If you have tons of credit card debt, you should know that it won't disappear overnight.
You will have to tighten your budget and look for savings opportunities to make the necessary payments and get rid of credit card debt.
1. Increase Your Monthly Payments
You might think that paying 2-3% over your minimum will eventually get you out of debt but it won't. You'll need to increase your minimum payments significantly.
If you usually pay $100 per month, try upping it to $200.
Not sure where the extra money is going to come from?
As you evaluate your credit card debt, also take a look at where all your money is going. If you're spending tons on food or entertainment each month, you need to start reconsidering your costly habits to make up for higher credit card payments.
Using a debt payoff calculator can help you come up with a strategy that's tailored to your circumstances.
2. Transfer the Debt
If you think you can pay off your credit card debt in 12 to 18 months, consider opening up a balance transfer credit card.
We know, sounds counterintuitive.
Many balance transfer credit cards will allow you to transfer existing debt for an introductory 0% APR during a promotional period of 12 to 18 months. You won't pay any additional interest on the debt, meaning you can start to dig yourself out of it.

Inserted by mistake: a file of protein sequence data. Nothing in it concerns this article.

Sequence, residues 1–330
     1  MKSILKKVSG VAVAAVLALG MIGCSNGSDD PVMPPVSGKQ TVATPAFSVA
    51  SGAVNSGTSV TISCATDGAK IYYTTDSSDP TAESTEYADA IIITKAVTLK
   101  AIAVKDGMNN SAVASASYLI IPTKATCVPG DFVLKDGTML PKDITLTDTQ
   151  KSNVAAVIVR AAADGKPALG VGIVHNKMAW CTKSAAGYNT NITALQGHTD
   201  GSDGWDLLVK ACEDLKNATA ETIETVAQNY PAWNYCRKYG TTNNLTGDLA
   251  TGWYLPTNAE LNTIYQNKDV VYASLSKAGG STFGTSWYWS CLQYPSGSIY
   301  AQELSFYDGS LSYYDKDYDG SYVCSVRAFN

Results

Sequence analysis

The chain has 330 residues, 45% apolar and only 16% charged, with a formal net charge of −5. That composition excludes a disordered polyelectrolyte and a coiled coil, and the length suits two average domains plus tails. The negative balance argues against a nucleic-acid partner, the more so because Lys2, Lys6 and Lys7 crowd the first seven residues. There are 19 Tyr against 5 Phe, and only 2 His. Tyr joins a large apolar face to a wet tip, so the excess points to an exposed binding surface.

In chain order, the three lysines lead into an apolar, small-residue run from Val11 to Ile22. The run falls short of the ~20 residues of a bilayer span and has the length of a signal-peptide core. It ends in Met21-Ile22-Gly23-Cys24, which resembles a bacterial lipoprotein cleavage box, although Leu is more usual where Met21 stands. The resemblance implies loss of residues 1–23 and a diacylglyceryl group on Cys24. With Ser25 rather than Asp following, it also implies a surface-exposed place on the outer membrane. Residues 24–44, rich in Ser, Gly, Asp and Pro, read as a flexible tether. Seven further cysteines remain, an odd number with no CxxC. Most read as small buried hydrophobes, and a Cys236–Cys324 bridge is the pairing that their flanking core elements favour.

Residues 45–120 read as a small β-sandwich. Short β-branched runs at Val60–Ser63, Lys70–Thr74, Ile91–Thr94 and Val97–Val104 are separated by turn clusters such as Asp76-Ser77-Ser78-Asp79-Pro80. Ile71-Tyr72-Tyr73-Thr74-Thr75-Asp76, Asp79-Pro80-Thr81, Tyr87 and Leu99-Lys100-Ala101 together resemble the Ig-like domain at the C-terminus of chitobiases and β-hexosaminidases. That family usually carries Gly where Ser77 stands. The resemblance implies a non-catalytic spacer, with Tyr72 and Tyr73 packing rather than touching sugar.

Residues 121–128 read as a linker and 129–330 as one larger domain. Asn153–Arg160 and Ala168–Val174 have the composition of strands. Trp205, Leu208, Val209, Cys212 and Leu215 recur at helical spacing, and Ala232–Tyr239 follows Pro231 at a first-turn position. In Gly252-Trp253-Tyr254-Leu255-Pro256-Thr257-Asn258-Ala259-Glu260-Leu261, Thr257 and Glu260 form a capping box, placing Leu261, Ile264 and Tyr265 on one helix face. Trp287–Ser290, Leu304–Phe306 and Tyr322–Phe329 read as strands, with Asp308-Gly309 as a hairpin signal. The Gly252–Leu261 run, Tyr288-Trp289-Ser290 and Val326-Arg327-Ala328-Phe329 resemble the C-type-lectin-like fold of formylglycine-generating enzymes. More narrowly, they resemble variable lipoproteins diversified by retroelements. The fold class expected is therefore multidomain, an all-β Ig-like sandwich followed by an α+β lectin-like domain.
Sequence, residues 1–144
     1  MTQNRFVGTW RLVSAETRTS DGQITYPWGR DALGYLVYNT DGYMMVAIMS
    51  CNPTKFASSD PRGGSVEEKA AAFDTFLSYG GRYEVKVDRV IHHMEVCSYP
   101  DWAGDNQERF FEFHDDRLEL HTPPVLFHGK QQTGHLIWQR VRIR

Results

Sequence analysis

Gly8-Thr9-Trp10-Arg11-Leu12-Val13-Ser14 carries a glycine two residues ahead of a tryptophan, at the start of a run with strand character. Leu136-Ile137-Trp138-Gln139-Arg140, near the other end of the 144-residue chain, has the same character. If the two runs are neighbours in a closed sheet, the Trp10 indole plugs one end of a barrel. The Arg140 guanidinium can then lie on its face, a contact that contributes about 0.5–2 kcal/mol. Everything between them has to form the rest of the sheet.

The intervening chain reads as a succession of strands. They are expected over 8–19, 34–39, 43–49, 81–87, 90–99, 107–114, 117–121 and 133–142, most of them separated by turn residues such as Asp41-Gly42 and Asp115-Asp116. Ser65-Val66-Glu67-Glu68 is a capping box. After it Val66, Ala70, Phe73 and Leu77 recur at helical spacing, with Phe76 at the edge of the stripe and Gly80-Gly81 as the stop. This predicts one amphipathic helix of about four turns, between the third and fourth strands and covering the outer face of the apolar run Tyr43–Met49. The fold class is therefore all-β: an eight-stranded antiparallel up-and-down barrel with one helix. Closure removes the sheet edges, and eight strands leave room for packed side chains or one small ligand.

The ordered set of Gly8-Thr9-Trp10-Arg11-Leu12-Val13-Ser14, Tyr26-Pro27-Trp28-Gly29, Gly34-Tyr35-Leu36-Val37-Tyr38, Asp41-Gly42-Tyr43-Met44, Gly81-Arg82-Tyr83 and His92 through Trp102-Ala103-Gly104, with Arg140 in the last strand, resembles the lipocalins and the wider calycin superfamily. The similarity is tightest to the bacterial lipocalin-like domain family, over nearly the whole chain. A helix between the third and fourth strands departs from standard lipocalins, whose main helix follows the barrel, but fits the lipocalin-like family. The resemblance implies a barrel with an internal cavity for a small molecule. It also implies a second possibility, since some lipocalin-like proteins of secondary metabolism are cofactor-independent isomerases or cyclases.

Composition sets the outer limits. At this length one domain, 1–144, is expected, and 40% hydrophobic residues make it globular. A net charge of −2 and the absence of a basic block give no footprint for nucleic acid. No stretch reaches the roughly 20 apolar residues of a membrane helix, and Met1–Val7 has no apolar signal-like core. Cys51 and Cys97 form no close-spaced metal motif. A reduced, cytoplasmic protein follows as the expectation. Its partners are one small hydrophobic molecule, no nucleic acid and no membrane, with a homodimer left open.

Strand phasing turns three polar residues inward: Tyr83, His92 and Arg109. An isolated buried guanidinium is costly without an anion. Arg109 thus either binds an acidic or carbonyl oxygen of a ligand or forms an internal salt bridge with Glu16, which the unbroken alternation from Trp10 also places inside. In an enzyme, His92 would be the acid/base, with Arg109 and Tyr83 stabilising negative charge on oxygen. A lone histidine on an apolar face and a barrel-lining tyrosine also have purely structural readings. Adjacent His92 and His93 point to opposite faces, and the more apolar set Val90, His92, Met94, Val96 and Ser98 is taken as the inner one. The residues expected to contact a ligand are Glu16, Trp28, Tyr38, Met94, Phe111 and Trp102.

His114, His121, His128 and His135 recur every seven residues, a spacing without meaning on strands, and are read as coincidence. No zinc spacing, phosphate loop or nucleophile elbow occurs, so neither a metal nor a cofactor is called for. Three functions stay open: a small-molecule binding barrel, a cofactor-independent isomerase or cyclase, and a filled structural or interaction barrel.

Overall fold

This is a good option for borrowers with good credit scores and the funds to pay off their credit card debt in the allotted time span.
To see if this is feasible, play around with the debt payoff calculator. Set your interest rate to zero and see how long it takes to eliminate your balance in the payoff schedule.
3. Borrow from Yourself
Before thinking about borrowing from family, friends, or the bank, try borrowing from yourself.
If you have substantial funds in your 401(k), you can borrow from that account to make enough payments to pay off your credit cards. You'll be allowed to take out 50% or $50,000, whichever is less, from your account.
401k Loan Basics
There are some things to know about borrowing from your 401(k) that might influence your decision:
- You will still pay interest on the amount you borrow, but it all goes back to you.
- The interest on these funds will be paid with after-tax dollars.
- When you retire and use the funds, you'll pay tax on the interest again.
- You will have only five years to repay your 401(k) plus the interest.
- If you cannot repay yourself in five years, the amount withdrawn will be taxed if you're under 59 1/2 years old. You'll also pay an excise tax of 10% as a penalty.